While at his farm, the artists have realized a performance piece “Filtering” to emphasize the necessity to filter and recycle. I am grateful for having collaborated with the CSPA. They are doing a fantastic job of raising awareness about environmental balance, social equity, economic stability, and strengthened cultural infrastructure. Gudrun Filipska has written a beautiful article (Connected by a Thread) about our collaboration. I believe it expresses with clarity also my commitment to creating the kind of connections between people that lead to collective civic action, political expression, community dialogue, and shared cultural experiences.

Are there three things that individuals, society or the government can do to support you in this effort?

At the moment, I am consolidating collaborations with several international partners and with the Region of Friuli- Venezia Giulia. The activities of the art center resonate with the local community. The outcomes of my projects are usually open to the public and have received a particular interest among the local people.

I am also aiming to foster cultural tourism and community involvement. Friuli- Venezia Giulia is a culturally unique region shaped by history, traditions and art. I would love to collaborate with other local entities. I would say that at this stage, the three things that would support my effort would be to promote my cause, donate to the art center, and collaborate on our projects.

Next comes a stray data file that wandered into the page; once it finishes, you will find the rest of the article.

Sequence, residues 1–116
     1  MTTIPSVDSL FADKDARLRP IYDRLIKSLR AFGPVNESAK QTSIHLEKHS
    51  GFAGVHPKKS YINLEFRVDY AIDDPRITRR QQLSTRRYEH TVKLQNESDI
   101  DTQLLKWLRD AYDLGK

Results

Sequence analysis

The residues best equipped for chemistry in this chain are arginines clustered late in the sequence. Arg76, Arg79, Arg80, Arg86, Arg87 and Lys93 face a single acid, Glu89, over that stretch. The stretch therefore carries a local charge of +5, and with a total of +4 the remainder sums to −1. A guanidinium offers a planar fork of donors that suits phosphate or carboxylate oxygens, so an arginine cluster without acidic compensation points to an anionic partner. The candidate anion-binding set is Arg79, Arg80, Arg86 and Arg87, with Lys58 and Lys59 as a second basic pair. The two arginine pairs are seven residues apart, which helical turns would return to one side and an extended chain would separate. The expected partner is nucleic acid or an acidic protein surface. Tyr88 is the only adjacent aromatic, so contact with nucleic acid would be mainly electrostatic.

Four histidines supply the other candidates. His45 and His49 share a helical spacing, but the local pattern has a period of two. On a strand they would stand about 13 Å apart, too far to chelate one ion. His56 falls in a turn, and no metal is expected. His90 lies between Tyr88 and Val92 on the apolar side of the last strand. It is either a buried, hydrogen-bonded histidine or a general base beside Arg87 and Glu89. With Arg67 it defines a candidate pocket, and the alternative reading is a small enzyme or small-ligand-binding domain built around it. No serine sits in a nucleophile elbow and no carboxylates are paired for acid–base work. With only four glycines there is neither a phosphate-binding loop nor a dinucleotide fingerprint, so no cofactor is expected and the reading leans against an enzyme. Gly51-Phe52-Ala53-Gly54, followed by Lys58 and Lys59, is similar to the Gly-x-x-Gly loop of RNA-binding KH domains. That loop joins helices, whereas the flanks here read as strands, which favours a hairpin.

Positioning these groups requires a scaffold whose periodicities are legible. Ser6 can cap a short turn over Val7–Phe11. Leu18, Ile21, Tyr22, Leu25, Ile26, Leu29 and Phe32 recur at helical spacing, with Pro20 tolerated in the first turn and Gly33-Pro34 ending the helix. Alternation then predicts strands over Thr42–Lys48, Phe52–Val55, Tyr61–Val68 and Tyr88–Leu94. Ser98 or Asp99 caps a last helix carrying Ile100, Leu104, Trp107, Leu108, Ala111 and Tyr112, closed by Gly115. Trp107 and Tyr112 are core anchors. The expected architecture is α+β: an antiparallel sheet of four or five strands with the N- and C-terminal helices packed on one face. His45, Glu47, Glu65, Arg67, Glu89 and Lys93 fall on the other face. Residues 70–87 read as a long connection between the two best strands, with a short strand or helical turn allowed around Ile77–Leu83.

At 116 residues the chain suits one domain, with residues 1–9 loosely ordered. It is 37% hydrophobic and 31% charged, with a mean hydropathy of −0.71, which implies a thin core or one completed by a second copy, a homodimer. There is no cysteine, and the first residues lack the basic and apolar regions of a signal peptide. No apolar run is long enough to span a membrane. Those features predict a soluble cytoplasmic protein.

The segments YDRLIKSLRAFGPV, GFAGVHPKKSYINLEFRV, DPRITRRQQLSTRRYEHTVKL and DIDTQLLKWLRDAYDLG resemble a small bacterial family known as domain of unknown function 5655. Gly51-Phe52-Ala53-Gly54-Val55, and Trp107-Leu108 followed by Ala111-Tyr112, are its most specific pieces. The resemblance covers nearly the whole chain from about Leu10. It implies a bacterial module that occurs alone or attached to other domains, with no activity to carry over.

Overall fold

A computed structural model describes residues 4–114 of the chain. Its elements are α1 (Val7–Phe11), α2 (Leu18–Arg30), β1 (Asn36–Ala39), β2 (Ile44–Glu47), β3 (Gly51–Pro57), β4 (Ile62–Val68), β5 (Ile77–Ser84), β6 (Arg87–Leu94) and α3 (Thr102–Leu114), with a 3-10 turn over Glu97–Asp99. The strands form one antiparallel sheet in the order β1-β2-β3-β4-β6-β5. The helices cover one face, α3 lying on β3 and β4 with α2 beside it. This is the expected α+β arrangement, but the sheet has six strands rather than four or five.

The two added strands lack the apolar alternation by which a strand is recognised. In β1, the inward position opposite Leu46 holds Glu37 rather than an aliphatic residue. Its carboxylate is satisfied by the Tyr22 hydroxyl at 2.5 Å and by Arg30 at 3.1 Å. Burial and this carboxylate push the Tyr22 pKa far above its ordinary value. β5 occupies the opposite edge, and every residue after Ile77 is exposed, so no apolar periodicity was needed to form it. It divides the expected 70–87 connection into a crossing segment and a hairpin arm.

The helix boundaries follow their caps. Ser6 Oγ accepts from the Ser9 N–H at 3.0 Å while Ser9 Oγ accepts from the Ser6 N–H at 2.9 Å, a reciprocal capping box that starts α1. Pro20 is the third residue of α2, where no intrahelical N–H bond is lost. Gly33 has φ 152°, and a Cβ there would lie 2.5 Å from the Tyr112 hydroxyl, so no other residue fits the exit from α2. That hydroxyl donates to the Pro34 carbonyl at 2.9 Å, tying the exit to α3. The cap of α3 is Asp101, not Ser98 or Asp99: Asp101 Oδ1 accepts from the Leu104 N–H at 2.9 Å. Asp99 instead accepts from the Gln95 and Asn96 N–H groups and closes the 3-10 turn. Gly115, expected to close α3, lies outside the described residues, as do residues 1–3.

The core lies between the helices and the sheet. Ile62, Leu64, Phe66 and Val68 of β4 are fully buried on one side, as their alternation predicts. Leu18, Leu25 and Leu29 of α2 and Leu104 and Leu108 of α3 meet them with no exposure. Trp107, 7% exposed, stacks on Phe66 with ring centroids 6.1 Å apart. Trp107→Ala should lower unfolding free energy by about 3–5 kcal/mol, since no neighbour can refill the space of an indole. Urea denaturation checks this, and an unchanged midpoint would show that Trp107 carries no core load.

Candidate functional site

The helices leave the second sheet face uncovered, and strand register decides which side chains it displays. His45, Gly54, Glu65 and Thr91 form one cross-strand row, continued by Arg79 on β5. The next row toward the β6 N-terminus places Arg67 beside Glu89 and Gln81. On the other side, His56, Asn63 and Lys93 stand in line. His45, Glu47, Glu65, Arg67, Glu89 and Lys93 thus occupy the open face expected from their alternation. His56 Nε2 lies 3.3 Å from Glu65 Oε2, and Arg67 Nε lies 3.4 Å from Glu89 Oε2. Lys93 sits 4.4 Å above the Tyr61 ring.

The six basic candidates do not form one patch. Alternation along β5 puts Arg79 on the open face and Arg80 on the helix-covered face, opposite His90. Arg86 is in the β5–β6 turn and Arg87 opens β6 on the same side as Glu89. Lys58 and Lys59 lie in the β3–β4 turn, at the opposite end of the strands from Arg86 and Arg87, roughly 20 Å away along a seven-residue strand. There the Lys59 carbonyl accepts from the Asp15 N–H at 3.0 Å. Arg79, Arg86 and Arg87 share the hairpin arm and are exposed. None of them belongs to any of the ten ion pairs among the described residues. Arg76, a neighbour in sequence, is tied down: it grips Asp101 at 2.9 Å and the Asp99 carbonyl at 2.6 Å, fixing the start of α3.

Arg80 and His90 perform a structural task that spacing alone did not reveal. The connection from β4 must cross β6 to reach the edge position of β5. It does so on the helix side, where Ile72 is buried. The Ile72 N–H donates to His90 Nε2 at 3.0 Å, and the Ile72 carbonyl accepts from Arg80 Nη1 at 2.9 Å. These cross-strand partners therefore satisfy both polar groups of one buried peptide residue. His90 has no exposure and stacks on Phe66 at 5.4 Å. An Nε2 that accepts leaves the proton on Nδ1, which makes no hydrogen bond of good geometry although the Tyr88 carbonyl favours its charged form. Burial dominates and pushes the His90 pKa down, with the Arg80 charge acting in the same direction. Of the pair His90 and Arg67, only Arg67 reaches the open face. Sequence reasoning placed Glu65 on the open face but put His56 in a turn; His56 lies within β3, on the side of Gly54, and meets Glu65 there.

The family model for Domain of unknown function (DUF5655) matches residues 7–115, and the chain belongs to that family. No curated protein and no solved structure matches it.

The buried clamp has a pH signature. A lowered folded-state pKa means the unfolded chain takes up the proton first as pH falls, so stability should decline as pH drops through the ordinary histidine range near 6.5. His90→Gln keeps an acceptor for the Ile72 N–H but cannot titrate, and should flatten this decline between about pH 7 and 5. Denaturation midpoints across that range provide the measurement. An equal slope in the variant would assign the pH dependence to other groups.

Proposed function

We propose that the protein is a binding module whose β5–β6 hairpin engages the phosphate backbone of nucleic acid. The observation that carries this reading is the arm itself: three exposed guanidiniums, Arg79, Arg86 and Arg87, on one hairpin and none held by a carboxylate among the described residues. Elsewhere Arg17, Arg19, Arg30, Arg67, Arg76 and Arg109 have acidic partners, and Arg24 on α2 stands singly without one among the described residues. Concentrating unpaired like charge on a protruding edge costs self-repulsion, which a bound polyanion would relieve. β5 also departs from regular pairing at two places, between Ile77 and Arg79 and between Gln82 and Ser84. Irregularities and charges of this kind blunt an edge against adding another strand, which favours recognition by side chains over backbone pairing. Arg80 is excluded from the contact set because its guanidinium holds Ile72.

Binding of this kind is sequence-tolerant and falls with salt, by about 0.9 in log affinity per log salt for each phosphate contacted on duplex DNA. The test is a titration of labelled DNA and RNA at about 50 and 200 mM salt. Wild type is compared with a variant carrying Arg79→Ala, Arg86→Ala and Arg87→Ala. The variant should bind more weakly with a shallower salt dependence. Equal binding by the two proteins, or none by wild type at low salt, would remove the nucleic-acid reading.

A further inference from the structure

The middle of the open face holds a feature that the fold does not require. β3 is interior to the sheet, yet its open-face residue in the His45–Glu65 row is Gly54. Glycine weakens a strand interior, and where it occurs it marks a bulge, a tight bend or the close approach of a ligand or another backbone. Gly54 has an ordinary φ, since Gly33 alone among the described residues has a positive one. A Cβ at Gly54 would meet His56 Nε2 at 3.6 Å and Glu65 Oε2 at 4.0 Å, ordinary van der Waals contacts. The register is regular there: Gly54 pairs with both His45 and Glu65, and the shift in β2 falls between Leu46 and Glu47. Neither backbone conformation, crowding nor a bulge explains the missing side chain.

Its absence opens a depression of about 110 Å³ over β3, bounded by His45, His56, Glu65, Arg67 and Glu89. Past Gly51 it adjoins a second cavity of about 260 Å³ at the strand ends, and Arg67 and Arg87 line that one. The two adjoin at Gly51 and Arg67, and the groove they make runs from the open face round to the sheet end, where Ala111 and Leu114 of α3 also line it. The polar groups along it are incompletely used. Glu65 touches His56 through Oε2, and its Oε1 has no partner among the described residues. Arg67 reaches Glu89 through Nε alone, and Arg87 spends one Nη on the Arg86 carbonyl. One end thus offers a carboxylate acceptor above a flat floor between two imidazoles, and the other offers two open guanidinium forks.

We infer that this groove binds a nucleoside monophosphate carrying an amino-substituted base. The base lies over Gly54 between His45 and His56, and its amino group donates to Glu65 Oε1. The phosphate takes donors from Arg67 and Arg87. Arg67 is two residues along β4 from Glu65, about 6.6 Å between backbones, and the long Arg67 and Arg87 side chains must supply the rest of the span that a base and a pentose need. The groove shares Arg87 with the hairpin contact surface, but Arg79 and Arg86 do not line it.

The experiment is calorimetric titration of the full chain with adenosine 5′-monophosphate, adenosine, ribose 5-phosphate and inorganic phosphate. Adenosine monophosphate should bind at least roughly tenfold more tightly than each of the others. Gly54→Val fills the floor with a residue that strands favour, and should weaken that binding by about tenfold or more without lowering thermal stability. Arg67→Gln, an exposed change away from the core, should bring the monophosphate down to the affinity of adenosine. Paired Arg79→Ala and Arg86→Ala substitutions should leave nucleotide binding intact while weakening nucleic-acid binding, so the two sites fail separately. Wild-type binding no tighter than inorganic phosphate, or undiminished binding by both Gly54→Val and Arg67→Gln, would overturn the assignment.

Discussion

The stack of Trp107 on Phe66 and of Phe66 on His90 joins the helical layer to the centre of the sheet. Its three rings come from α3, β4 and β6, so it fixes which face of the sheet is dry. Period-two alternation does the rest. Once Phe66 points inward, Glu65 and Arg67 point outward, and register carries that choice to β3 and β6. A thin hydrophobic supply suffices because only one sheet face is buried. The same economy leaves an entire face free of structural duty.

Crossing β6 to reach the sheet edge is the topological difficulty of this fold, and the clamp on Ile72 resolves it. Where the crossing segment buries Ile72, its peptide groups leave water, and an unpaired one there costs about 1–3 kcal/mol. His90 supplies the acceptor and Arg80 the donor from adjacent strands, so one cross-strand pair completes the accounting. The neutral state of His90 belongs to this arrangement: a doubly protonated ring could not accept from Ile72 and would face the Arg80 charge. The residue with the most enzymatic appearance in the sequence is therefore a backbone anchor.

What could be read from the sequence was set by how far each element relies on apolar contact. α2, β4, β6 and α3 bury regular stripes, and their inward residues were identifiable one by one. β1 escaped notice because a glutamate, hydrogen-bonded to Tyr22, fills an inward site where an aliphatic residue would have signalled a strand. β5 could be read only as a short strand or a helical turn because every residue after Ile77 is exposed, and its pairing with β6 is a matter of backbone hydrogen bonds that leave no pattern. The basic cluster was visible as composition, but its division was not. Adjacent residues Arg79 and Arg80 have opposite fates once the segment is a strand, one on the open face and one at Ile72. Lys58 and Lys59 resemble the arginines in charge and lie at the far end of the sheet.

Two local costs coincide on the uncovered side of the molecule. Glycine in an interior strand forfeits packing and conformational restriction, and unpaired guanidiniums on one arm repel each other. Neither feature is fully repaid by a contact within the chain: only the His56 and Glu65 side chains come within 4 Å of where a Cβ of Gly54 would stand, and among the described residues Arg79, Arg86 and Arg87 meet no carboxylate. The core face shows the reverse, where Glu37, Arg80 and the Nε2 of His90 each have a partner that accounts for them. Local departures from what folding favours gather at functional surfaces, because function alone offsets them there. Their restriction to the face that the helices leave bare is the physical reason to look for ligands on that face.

What are your “5 things I wish someone told me when I first started” and why. Please share a story or an example for each.

Well, when you say “fist started,” I would go back to my early childhood since I believe that we are born with talent.

The challenge is to follow through with our mission, nurturing and expressing ourselves in our adult lives.

That being said I would have loved to hear the following things :

● You can do what you dream about doing because you can make it happen since you are worth it, and things will work out fine.

Our minds can be one of our worst enemies, mostly when we absorb too much criticism and pressure, which turns into negative thoughts and procrastination. We need to be self-indulgent at times.

● Your sensitivity is a gift, not a flaw. Being sensitive doesn’t mean being weak.

I would have valued myself more by accepting and trusting my sensitivity as a human being. Sensitive animals, for instance, can feel the danger before another can.